Thursday, October 13, 2005

Help Bloggers to help you, for free

Kelly Abbott, the Technology Director of Red Door Interactive, posted an interesting article on IMedia Connection today, explaining what motivates bloggers, and how to reach them to further your marketing objectives.

He cedes the fact that blogging has long been considered a medium which has crossed the chasm into mainstream markets, and is exploding as a dynamic way for marketers to pull out their trusty rifle, and nail a target market with precise shots. The thing about targeting bloggers, is that you are targeting their entire audience at the same time; an audience, he posits, that could also form your customer base.

So you've gotten the idea that targetting bloggers could seriously help your business. Or could it?

I'd like to suggest that if you are considering targetting bloggers, you should first consider what it is that most bloggers are blogging about, and then decide if your product or service fits into that niche. Here are a few ways to do just that:

Feedster lists the Top 500 blogs of the month, every month, by the number of links to those blogs. This is a good judge of the popularity of a blog, but not necessarily of a blog topic.

A tool to discover what people are talking about you right now, is called Technorati. This site lets you run searches on keywords that you associate with your product or service, to see how popular they are on the blogosphere.

You may also want to check out the Top 100 folders that Bloglines users use to categorize their blogs of interest. (i found this earlier in the year on the O'Reilly Radar, which picked up the info on the Confusability blog ) Not surprisingly, the Top 5 were: Blogs, News, Tech, Technology, and People. Followed by Politics, Friends, and Comics. Java was 17th, Business 22nd, Sports 24th, and Knitting beat out Marketing by taking the 37th and 42nd spots respectively.

Now, just because only 16 people in the world are currently blogging about your product / service / interests, doesn't mean that they're not worth targeting. Instead, it means that you have a beginning audience from which to cultivate personal relationships and build a community around. These may be your biggest fans, so let them know that you're out there listening to them!

Of course, if you are targeting a larger audience, or want to automate your research and recieve notifications as soon as someone mentions you. Or if you want to organize your research, and all you information with a product that can replace your Email Organizer, Desktop Search Utility, RSS Reader, Personal Information Manager, Newsgroup Reader, Task Manager, Contact Manager, Bookmark Manager, and Instant Message History Manager. As well as read your Files in Microsoft Word, Microsoft Excel, Adobe Acrobat, and view your Pictures, in one Integrated Information Environment, then I can suggest a tool to help you. :)

Good luck with your targeting!

Tuesday, October 04, 2005

Interview Transcript: Efficiency, productivity, and organization

It seems that my list of projects to do is still growing, but I thought it would be a good idea to post the interview transcript from Steven Lubetkin's podcast about JetBrains' productivity tool for people who love to get lots of info and want to manage it better, Omea Pro.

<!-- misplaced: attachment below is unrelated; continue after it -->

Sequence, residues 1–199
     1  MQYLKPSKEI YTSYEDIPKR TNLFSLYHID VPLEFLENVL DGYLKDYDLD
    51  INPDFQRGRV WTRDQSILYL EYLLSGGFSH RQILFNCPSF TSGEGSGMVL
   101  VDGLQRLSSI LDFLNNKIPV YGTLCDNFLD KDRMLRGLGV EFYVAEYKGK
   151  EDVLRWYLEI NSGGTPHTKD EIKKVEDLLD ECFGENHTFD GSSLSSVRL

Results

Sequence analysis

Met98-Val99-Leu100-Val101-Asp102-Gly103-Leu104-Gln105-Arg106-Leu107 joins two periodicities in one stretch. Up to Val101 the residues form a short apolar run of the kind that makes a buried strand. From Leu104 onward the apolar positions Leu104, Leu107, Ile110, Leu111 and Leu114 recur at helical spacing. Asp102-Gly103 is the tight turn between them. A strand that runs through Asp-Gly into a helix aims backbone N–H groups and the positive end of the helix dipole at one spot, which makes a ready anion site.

So without further ado,


Tackling the information overload in computer technology has been a challenge for software developers for a number of years. Today on the CompuSchmooze Podcast we’ll talk to someone from a company that may have a solution. This is Steven Lubetkin, welcome to the CompuSchmooze Podcast.

Keeping track of the information on your computer is probably one of the biggest challenges that faces computer users today. We store information in a calendar program, in our email program, and of course many of us use Microsoft Outlook for both of those functions. We also store files in folder hierarchies, RSS feeds and newsgroup posts in our aggregators, webpage booksmarks in our browsers, and instant message conversations in our IM software. There are a number of software solutions on the market that attempt to integrate some of these disparate sources of information, but it’s been a long time since we’ve seen one with the promise of the newest entry in this field.

A program called Omea which comes from JetBrains, a software productivity company, they began by developing software for programmers to streamline the development process. They are located in Prague, in the Czech Republic, and our guest today on the CompuSchmooze Podcast is David Booth. David is the Executive Marketing Manager for JetBrains’ Omea product line, and he’ll talk to us today a little bit about the Omea Information Environment which integrates all of your email, your contacts, your tasks, your files, as well as newsfeeds, webpage bookmarks, and also usenet newsgroups into a single integrated environment where you can search and organize more efficiently. David was educated at the University of Waterloo and also the Wilfrid Laurier University in Canada. He’s worked in the international sphere for the last four years, first in Amsterdam for Sitraka Software, then in South Korea, and now he makes his home in Prague, in the Czech Republic where JetBrains is headquartered. He is highly interested in social networking software, information organizers, search technology, and the future of mobile technology, and he spoke to us over the Skype Internet Telephony Service.

Tell me a little bit about JetBrains and take me through to the process that got you to where we are now, launching an official release of version two.

JetBrains is focused on tools that help people improve their productivity when they are dealing with a lot of information. So the programming tools had intelligent organizers and a lot of shortcuts that help developers to work faster. The Omea project started in the middle of 2003. Our CEO, Sergey Dmitriev, was taking a hard look at information overload because a lot of people were complaining about it at the time, and still are.